Optimum Customers: Important information about your Newsday digital access and an exclusive offer.

LEARN MORE
TODAY'S PAPER
64° Good Afternoon
64° Good Afternoon
SportsBasketballKnicks

Enes Kanter still thinks Knicks have enough talent to win now

As the trade deadline looms, the Knicks center believes in his teammates and feels they "can beat any team on the court.”

Enes Kanter of the Knicks reacts after a

Enes Kanter of the Knicks reacts after a basket in the first half against the Nets at Madison Square Garden on Tuesday, Jan. 30, 2018. Photo Credit: Jim McIsaac

GREENBURGH, N.Y. — The NBA trade deadline is Thursday and the hot stove is reasonably warm in the Knicks’ universe. It’s no secret that they wouldn’t mind getting more athletic, and if general manager Scott Perry can find someone to take on part of Joakim Noah’s hefty contract (he is in the second year of a four-year, $72-million deal), it’s very likely the besieged big man will never wear a Knicks jersey again.

But with all the hubbub around a team that still thinks it has a chance to sneak into the playoffs, at least one player wouldn’t mind if things stayed exactly the same. Enes Kanter thinks the Knicks are good enough to win now. Anything else that happens, he said, is out of their control.

“I like every guy on our team,” he said Saturday, a day after a 92-90 loss to the Bucks that dropped the Knicks (23-30) to 7-21 on the road. “I would want to play with all the guys for the rest of my season and career because they’re just good locker room guys — besides basketball, they’re really just good guys off the court . . .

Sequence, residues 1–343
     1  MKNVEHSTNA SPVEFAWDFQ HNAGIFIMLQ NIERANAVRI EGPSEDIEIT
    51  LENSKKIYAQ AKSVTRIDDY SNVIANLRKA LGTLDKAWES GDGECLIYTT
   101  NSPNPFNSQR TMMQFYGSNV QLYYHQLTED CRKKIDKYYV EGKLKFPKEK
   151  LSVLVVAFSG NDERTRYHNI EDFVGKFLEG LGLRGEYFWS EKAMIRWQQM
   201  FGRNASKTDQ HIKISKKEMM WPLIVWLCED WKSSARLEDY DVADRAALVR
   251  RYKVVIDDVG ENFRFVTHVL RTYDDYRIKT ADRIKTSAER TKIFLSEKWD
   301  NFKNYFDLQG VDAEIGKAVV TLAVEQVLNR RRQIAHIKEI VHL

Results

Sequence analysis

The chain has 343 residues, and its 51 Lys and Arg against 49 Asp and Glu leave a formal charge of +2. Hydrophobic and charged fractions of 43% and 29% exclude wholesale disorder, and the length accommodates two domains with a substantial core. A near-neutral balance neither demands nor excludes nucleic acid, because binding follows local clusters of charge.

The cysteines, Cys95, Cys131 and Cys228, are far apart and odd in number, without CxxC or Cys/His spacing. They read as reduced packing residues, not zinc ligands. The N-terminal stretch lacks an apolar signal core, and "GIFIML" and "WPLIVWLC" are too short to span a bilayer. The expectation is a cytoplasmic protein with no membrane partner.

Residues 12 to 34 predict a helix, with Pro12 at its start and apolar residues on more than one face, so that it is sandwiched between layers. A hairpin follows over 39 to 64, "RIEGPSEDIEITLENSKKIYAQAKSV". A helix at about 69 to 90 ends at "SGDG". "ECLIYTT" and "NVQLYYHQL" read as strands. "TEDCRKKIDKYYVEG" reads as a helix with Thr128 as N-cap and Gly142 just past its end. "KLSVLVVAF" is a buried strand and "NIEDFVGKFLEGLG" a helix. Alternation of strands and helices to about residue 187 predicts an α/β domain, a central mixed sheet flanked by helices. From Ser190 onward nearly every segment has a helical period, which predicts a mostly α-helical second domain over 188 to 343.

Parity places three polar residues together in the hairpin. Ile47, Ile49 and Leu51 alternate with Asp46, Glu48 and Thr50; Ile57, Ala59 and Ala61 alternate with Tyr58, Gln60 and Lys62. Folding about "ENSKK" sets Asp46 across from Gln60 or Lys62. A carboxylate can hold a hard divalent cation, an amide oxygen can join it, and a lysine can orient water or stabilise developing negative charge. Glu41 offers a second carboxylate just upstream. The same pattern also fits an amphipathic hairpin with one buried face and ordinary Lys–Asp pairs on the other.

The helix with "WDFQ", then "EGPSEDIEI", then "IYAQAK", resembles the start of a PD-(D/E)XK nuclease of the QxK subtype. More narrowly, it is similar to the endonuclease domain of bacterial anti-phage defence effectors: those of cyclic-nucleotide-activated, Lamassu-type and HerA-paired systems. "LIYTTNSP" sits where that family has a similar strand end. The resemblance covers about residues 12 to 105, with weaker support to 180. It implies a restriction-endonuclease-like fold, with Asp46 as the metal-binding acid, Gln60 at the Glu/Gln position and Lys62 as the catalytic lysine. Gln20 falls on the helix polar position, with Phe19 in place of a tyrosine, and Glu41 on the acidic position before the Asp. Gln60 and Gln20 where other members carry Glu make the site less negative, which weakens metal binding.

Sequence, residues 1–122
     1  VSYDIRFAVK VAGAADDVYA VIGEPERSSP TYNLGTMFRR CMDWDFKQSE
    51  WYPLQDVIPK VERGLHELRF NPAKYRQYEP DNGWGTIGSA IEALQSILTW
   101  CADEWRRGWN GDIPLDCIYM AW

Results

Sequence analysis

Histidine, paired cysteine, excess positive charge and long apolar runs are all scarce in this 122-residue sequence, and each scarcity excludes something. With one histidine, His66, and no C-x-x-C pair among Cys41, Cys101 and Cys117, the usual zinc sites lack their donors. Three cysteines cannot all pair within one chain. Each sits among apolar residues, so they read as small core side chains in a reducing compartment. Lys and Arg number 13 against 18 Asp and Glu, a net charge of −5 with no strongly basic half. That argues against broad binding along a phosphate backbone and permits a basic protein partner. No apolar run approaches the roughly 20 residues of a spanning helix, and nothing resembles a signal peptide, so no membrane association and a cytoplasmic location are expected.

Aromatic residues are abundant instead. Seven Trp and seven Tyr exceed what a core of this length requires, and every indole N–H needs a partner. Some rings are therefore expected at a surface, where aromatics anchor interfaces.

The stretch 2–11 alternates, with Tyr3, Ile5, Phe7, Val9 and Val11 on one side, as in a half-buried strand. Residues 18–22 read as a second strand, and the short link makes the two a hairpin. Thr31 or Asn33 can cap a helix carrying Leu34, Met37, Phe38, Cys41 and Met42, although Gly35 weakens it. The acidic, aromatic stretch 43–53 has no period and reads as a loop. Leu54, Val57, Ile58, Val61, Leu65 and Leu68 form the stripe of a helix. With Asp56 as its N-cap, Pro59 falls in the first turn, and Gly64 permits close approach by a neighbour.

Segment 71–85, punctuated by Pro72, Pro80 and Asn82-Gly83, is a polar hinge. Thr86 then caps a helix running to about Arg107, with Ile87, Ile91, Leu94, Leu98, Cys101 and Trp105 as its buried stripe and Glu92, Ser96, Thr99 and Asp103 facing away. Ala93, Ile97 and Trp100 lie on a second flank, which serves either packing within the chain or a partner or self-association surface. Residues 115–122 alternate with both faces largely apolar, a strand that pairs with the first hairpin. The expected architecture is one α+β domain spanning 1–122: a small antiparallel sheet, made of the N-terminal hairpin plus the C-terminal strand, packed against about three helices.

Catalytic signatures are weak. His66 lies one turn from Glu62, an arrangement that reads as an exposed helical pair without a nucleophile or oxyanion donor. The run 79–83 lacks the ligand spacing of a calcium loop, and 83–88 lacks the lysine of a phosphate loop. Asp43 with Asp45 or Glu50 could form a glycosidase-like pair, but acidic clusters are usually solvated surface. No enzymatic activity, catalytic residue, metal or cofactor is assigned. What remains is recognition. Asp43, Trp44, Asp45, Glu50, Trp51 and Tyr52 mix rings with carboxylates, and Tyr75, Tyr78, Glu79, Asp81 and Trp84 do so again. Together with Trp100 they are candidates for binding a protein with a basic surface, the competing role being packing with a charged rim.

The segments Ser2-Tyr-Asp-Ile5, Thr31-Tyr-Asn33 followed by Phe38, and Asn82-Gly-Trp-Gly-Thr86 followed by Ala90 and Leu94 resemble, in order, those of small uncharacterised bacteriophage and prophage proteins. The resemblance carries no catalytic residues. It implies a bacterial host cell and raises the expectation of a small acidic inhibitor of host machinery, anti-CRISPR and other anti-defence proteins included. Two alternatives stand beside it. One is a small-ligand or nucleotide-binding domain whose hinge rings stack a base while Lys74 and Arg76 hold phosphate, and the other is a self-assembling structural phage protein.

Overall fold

“I believe [this team can make the playoffs as is]. This team is really special. In the beginning of the season, people just weren’t believing in us, but I think this team can do some really special things. I think this team can beat any team on the court.”

Kanter is doing his part. After picking up Giannis Antetokounmpo on a switch, he couldn’t stop him from hitting a spinning, driving layup with 1.9 seconds left for the winning basket Friday night, but Kanter — who is playing with 18 stitches in his mouth — has averaged 18.0 points and 18.3 rebounds in the last three games. In the last five games, he is averaging 18.8 points and has shot 40-for-56 (71.4 percent) from the field.

The Knicks are 3 1⁄2 games behind the 76ers (five in the loss column) for the eighth and final Eastern Conference playoff spot.

Granted, things with Noah are volatile, to say the least. The fourth-string center hasn’t been with the team for more than a week for “personal reasons” — likely the result of reportedly getting into an argument with coach Jeff Hornacek during practice. He’s not expected back until after the trade deadline, if then.

It’s been reported that teams have expressed interest in another Knicks center — 23-year-old Willy Hernangomez, who is slated to make only $1.5 million next season — as well as guard Courtney Lee.

“This is our team and that’s how we approach it,” Hornacek said. “I know it’s extremely hard on players during this time of year. Some guys, maybe veteran guys, have been through it year in and year out and they kind of know the drill. I always tell them, most of the time, if your name is out there in rumors, you usually don’t get traded, because the GMs and these guys, they’re trying to keep everybody quiet. You’ve just got to play, and it’s a hard thing. They’re all human and they’re all wondering.”

Either way, none of it is all that much fun. Kanter pointed out that he’s been traded twice and that it poses challenges for any player — both logistically and psychologically. The best possible approach is to disregard social media and try to keep one’s focus during a time of year when focus is hardest to come by.

“It’s tough because you’ve got to move all your stuff,” Kanter said. “You’ve got to pack and everything. You’ve got to go to a different city. It’s always awkward and weird. But it’s a business. It’s part of it. If it happens, it happens. If not, we’re just going to keep doing what we’re doing.

“Let’s go out there and play basketball. Let’s have fun with our teammates. Don’t [focus] on what’s going to happen in the future, what’s happened before. Just, right now, you’re part of the Knicks and just go out there and have fun because you’re not going to play this game for a long time.”

New York Sports